Museum conduct their own investigation
While responsibility for accurate reporting lay with the committee investigating Museum Acquisitions from 1933 onwards, museums conducted their own investigations. Museum staff were tasked with searching their registration systems and archives to form an initial selection of objects that might require further investigation. They excluded objects acquired before 1933 and those acquired after 1945, as well as those that had belonged to families for generations or with complete known provenance so that there was no question that they might have been wrongfully acquired.
Special emphasis in the investigation of the years 1933-1940 was placed on objects that had originated in Germany and after 1938 in Austria, and in the investigation of the years 1948-1954, a period in which many objects with problematic provenance came onto the market. Investigation of provenance of objects acquired after 1954 was more complicated. Large numbers of art works changed hands and it often proved difficult to establish whether the provenance was problematic or not. It was often impossible to trace the provenance of objects completely.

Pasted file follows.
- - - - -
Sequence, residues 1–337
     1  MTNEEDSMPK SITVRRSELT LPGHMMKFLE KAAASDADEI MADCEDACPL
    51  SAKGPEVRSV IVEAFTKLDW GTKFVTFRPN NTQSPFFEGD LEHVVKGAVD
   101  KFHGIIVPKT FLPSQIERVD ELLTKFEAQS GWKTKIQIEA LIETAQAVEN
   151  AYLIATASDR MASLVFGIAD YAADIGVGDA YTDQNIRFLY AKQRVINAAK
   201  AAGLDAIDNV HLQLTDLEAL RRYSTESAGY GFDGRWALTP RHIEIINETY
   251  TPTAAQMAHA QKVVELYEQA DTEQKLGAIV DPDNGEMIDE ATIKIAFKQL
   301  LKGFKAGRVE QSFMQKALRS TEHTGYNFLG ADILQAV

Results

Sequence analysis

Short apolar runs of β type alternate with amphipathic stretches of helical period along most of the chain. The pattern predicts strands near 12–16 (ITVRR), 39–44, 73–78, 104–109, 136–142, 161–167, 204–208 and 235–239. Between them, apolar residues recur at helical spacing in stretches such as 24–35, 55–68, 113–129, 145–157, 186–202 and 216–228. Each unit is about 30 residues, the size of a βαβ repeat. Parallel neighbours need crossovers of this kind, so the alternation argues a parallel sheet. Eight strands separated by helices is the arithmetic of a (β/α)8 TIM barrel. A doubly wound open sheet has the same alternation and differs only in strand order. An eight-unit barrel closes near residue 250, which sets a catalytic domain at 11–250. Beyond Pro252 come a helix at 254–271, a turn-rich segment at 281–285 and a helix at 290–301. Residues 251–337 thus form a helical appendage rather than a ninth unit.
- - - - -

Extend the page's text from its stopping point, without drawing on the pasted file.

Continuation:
Supplementary inquiries were made at the art databank and library of the Netherlands Institute for Art History (RKD). Auction catalogues were a key source of information. The Netherlands Art Property Foundation (Stichting Nederlands Kunstbezit or SNK) and the National Archives also provided invaluable information. This secondary investigation required more expertise, for which the Museums Association (Museumvereniging) provided the necessary support. Although helpful documents and guidelines were published on the website, occasionally the support needed was in the actual investigative process. All this enabled investigators to form an overview of the objects of which the provenance may be doubtful. Every possible effort was made to trace the transactions and stories of these objects as fully as possible.